Four Tips For Securing Adequate Car Insurance Protection
Author(s): Darcy R. Merkur
February 4, 2021
We all want to avoid being severely injured in a car accident. Unfortunately, serious car accidents happen quite frequently in Ontario and adequate car insurance protection is critical in such circumstances.
While car insurance is mandatory in Ontario, there are important decisions to be made when purchasing automobile insurance that will help provide better protection if something does goes wrong.
Here are four tips for securing adequate car insurance protection when considering and purchasing automobile insurance.
Car Insurance Liability Limits
Liability limits protect you if you are sued for causing a car accident resulting in serious injuries to another person, including circumstances where you have lent your car to someone else (since owners are responsible for actions involving their vehicle under Ontario law).
Most insurers generally promote a standard $1 million liability policy, but that liability limit is totally inadequate.
Surprisingly, Ontario law only requires a $200,000 liability policy to be in place with your motor vehicle. That minimum $200,000 option, however, is never commercially sold because it is relatively useless.
It is long overdue that the minimum limits in Ontario be substantially increased from $200,000 to what I believe is the bare minimum of $2 million. In my view, it would be prudent to purchase a liability policy with $5 million of liability coverage (or at least $3 million) to protect you if you cause a serious car accident.
Family Protection Endorsement
When deciding your liability limits you are also typically deciding the extent of the Family Protection Endorsement limits that should apply.
The Family Protection Endorsement protects you and your family if you are injured through the fault of someone who has inadequate insurance to properly compensate you. In other words, if the person that caused the accident only has $1 million of liability limits, then you are only able to collect from their insurer that $1 million.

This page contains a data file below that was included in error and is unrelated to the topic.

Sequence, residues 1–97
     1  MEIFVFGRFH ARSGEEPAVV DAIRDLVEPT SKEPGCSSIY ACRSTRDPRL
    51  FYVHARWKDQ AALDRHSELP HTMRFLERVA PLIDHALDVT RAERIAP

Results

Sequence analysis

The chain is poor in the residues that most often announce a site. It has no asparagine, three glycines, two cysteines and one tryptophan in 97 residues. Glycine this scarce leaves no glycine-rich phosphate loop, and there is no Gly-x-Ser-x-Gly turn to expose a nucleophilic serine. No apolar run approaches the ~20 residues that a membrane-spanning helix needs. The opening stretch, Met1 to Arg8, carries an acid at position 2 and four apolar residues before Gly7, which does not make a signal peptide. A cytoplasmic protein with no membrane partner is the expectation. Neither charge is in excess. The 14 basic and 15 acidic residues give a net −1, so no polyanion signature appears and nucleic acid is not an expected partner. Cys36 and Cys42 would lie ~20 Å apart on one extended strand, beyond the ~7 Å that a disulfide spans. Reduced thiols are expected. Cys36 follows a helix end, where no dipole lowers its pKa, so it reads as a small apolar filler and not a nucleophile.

If your damages exceed that amount, then you will be faced with the unrealistic scenario of trying to collect off the at-fault person personally (through an asset collection process). Instead, by purchasing Family Protection Endorsement limits that exceed $1 million you can recover additional amounts from your own car insurer in those circumstances.
In Ontario we have a no-fault accident benefit system that provides anyone injured in an accident with the minimum benefits available depending on the severity of their injury.
The benefit limits have consistently been cut by the Ontario government in a purported effort to reduce auto insurance premiums in Ontario (thus hoisting responsibility on our OHIP funded health care system).
The current accident benefit limits (reduced by well in excess of 50% over the years) are wholly inadequate to address the needs of anyone seriously injured.
One solution is for motorists to buy optional benefits to enhance the minimum no-fault accident benefit coverage.